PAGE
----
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About bash : Check-if-a-file-is-executable

Question Detail

I am wondering what’s the easiest way to check if a program is executable with bash, without executing it ? It should at least check whether the file has execute rights, and is of the same architecture (for example, not a windows executable or another unsupported architecture, not 64 bits if the system is 32 bits, …) as the current system.

Question Answer

Take a look at the various test operators (this is for the test command itself, but the built-in BASH and TCSH tests are more or less the same).

You’ll notice that -x FILE says FILE exists and execute (or search) permission is granted.

BASH, Bourne, Ksh, Zsh Script

if [[ -x "$file" ]]
    echo "File '$file' is executable"
    echo "File '$file' is not executable or found"

TCSH or CSH Script:

if ( -x "$file" ) then
    echo "File '$file' is executable"
    echo "File '$file' is not executable or found"

To determine the type of file it is, try the file command. You can parse the output to see exactly what type of file it is. Word ‘o Warning: Sometimes file will return more than one line. Here’s what happens on my Mac:

$ file /bin/ls    
/bin/ls: Mach-O universal binary with 2 architectures
/bin/ls (for architecture x86_64):  Mach-O 64-bit executable x86_64
/bin/ls (for architecture i386):    Mach-O executable i386

The file command returns different output depending upon the OS. However, the word executable will be in executable programs, and usually the architecture will appear too.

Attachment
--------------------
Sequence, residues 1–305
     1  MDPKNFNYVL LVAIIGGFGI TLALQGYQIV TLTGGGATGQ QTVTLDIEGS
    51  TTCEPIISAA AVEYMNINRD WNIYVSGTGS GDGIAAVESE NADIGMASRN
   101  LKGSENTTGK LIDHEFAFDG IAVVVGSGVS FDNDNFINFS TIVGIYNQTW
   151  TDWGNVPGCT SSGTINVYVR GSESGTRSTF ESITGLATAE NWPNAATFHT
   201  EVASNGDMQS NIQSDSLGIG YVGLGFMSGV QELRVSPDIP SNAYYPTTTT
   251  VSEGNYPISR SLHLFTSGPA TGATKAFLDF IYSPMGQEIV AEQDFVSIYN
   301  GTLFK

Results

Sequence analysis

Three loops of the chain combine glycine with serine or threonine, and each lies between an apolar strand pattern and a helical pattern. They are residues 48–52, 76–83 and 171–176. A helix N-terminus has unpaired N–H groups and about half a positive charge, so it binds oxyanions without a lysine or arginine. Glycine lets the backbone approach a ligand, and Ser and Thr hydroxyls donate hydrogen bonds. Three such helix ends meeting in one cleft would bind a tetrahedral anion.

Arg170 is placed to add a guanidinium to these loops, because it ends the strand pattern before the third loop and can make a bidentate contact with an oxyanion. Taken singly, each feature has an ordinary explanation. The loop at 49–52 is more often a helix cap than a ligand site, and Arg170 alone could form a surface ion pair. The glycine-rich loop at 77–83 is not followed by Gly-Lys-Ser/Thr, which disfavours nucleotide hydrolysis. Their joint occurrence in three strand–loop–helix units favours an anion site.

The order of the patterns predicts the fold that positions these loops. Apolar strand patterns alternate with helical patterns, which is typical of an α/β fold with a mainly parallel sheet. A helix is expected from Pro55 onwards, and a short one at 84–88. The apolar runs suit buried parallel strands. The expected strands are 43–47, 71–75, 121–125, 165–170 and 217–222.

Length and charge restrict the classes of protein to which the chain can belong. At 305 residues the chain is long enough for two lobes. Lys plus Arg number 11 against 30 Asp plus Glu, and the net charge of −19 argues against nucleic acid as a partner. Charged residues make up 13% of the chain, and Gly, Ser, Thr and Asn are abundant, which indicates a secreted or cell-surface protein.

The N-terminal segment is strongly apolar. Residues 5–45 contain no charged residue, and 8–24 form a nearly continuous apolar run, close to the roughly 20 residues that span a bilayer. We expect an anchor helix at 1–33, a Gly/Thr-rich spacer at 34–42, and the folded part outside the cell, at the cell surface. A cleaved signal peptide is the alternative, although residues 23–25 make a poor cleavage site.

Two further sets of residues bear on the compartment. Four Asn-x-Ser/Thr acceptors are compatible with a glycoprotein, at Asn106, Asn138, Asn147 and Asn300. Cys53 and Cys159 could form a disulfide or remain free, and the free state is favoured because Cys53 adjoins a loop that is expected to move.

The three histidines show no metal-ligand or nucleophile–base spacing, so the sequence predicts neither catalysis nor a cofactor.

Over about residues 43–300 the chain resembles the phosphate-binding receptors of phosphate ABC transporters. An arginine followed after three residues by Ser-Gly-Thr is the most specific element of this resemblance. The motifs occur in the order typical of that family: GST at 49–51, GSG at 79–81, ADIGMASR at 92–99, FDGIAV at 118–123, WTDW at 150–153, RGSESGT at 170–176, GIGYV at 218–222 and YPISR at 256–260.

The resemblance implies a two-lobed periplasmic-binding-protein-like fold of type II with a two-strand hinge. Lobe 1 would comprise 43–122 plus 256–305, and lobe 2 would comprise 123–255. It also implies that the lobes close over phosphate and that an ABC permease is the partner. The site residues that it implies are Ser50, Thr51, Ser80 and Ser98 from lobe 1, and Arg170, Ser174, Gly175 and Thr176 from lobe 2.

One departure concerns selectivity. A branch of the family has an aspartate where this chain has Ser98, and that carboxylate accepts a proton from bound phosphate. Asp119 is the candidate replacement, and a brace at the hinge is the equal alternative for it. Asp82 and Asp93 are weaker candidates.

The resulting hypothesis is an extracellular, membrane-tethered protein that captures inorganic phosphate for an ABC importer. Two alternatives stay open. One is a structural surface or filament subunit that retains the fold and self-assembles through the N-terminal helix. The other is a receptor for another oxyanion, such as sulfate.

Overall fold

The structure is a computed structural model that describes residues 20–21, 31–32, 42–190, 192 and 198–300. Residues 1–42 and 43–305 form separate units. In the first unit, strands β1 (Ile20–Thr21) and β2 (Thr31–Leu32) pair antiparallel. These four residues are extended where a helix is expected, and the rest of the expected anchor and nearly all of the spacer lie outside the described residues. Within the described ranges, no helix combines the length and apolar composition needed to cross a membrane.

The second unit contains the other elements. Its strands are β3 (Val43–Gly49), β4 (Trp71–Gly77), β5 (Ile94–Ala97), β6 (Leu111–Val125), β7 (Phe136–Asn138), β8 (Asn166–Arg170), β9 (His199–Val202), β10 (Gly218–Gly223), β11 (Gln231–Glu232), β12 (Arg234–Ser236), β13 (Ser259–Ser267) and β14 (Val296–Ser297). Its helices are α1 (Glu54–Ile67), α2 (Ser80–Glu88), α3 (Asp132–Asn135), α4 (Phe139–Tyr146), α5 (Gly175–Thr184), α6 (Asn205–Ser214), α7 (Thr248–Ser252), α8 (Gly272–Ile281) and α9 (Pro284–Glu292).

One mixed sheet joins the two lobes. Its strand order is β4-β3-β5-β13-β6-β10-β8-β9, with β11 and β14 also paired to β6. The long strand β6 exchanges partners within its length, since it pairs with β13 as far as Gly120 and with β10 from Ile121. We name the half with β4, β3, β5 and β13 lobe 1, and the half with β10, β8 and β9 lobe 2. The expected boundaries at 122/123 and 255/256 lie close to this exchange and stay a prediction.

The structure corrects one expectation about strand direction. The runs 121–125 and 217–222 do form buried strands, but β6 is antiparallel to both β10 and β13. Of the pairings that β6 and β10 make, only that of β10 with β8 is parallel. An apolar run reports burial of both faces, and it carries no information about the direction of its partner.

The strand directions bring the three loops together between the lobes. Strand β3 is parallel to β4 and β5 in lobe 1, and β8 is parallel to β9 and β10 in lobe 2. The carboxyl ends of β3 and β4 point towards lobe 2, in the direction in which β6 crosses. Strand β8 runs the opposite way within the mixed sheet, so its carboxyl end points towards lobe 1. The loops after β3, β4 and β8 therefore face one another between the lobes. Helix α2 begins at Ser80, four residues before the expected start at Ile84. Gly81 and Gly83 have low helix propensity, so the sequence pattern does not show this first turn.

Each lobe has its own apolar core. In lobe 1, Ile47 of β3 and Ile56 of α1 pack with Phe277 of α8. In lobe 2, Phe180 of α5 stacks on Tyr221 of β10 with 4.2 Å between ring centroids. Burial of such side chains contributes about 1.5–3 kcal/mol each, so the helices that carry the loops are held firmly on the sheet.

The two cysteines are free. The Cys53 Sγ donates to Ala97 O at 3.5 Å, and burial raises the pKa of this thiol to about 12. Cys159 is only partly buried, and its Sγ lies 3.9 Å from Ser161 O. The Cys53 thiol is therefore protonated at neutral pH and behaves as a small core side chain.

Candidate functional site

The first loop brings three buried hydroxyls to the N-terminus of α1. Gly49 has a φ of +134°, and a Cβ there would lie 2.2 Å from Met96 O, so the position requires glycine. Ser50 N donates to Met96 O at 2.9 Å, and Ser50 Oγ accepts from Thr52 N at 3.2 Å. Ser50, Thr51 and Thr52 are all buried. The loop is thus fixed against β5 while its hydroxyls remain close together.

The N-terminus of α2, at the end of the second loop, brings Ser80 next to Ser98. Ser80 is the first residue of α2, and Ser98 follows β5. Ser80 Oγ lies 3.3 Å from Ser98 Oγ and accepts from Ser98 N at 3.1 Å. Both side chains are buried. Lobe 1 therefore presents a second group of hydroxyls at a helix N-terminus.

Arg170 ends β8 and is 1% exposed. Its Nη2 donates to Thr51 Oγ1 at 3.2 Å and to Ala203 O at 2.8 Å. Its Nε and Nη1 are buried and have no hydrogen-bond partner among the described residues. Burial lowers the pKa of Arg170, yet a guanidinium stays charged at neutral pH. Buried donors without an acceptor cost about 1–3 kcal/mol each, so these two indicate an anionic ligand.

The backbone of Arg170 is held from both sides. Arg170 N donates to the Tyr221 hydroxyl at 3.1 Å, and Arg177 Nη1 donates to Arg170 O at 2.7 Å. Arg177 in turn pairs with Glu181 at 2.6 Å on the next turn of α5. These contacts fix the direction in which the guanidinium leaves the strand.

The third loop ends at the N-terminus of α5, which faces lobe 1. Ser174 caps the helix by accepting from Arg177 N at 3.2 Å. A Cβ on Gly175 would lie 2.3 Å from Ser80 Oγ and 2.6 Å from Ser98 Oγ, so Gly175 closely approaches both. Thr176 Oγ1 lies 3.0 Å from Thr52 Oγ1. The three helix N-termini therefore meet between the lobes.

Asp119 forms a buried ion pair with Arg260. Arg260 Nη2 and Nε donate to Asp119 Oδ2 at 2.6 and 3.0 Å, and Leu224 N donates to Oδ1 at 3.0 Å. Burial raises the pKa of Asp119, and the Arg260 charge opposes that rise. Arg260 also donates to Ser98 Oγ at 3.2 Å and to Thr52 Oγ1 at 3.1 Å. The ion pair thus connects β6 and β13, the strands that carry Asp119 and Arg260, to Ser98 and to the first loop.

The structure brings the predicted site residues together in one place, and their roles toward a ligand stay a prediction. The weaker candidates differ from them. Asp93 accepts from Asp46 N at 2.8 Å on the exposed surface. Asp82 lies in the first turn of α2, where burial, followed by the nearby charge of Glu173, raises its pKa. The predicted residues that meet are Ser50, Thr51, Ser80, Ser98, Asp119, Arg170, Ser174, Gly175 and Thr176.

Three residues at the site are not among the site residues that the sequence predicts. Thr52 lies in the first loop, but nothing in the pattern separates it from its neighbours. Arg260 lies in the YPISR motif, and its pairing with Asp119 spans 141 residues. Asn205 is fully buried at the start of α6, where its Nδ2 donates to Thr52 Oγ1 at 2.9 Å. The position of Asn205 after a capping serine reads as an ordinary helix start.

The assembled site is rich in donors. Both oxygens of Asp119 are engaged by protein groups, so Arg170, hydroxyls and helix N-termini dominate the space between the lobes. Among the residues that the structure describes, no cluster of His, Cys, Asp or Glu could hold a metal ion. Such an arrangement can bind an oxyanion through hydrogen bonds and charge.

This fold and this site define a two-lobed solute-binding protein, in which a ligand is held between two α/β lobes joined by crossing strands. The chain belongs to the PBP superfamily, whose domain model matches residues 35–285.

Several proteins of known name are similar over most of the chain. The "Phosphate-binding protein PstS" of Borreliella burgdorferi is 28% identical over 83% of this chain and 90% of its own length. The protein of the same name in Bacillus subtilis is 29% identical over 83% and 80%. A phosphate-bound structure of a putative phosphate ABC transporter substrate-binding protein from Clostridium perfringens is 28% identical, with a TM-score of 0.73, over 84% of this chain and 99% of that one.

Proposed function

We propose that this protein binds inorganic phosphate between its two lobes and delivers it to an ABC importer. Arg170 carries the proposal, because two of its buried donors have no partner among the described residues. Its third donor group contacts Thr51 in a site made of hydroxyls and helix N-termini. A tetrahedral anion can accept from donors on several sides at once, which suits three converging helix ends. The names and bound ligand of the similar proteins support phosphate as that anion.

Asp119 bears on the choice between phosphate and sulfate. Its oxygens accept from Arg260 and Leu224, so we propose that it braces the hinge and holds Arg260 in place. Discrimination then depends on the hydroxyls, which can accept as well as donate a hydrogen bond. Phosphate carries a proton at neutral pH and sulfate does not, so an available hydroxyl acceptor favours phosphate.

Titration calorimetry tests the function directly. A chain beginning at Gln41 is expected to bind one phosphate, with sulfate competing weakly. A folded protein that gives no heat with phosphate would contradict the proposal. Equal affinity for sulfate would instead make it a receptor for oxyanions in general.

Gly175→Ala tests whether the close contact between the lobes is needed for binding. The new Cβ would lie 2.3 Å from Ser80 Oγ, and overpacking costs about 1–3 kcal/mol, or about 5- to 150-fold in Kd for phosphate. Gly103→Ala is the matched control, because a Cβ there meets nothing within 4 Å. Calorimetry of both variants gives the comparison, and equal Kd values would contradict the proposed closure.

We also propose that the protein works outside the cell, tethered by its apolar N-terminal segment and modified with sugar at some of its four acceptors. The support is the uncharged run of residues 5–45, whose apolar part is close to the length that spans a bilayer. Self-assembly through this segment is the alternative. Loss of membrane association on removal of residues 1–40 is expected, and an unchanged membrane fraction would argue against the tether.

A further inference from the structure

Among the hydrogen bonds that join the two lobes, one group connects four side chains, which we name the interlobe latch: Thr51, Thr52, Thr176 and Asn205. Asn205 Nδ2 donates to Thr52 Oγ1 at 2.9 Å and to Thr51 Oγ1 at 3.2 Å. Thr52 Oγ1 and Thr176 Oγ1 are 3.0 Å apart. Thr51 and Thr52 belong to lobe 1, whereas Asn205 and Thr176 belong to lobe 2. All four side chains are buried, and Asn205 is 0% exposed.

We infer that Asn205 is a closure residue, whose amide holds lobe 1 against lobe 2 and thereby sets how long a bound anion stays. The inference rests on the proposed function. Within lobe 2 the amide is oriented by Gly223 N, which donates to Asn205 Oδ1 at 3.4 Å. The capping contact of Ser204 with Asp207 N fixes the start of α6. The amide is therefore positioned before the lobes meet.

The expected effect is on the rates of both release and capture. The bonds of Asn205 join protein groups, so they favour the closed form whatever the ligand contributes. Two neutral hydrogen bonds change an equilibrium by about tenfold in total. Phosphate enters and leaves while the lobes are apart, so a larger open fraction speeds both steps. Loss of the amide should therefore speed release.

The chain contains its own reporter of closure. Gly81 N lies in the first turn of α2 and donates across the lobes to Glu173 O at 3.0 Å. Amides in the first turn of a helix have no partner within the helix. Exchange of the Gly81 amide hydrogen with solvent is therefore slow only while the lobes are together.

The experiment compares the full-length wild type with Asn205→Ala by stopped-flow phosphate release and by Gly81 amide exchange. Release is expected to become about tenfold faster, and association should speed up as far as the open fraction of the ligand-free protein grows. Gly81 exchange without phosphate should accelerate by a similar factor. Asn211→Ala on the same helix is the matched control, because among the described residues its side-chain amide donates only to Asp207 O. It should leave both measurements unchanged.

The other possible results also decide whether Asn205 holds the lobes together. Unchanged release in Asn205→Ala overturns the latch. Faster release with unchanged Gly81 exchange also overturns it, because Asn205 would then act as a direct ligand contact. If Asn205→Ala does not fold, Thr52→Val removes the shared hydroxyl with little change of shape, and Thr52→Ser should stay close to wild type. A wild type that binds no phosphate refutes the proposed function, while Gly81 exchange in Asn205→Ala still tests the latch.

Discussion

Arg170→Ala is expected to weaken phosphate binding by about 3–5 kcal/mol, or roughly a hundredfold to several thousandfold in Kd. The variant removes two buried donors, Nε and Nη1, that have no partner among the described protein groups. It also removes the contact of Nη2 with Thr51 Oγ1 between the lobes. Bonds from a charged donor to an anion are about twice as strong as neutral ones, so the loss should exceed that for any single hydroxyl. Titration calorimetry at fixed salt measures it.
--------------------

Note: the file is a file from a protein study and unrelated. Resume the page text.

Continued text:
Compare the above to what I get on my Linux box:

$ file /bin/ls
/bin/ls: ELF 64-bit LSB executable, AMD x86-64, version 1 (SYSV), for GNU/Linux 2.6.9, dynamically linked (uses shared libs), stripped

And a Solaris box:

$ file /bin/ls
/bin/ls:        ELF 32-bit MSB executable SPARC Version 1, dynamically linked, stripped

In all three, you’ll see the word executable and the architecture (x86-64, i386, or SPARC with 32-bit).


Thank you very much, that seems the way to go. Before I mark this as my answer, can you please guide me as to what kind of script shell check I would have to perform (ie, what kind of parsing) on ‘file’ in order to check whether I can execute a program ? If such a test is too difficult to make on a general basis, I would at least like to check whether it’s a linux executable or osX (Mach-O)

Off the top of my head, you could do something like this in BASH:

if [ -x "$file" ] && file "$file" | grep -q "Mach-O"
    echo "This is an executable Mac file"
elif [ -x "$file" ] && file "$file" | grep -q "GNU/Linux"
    echo "This is an executable Linux File"
elif [ -x "$file" ] && file "$file" | grep q "shell script"
    echo "This is an executable Shell Script"
elif [ -x "$file" ]
    echo "This file is merely marked executable, but what type is a mystery"
    echo "This file isn't even marked as being executable"

Basically, I’m running the test, then if that is successful, I do a grep on the output of the file command. The grep -q means don’t print any output, but use the exit code of grep to see if I found the string. If your system doesn’t take grep -q, you can try grep "regex" > /dev/null 2>&1.

Again, the output of the file command may vary from system to system, so you’ll have to verify that these will work on your system. Also, I’m checking the executable bit. If a file is a binary executable, but the executable bit isn’t on, I’ll say it’s not executable. This may not be what you want.

Seems nobody noticed that -x operator does not differ file with directory.

So to precisely check an executable file, you may use

[[ -f SomeFile && -x SomeFile ]]

Testing files, directories and symlinks

The solutions given here fail on either directories or symlinks (or both). On Linux, you can test files, directories and symlinks with: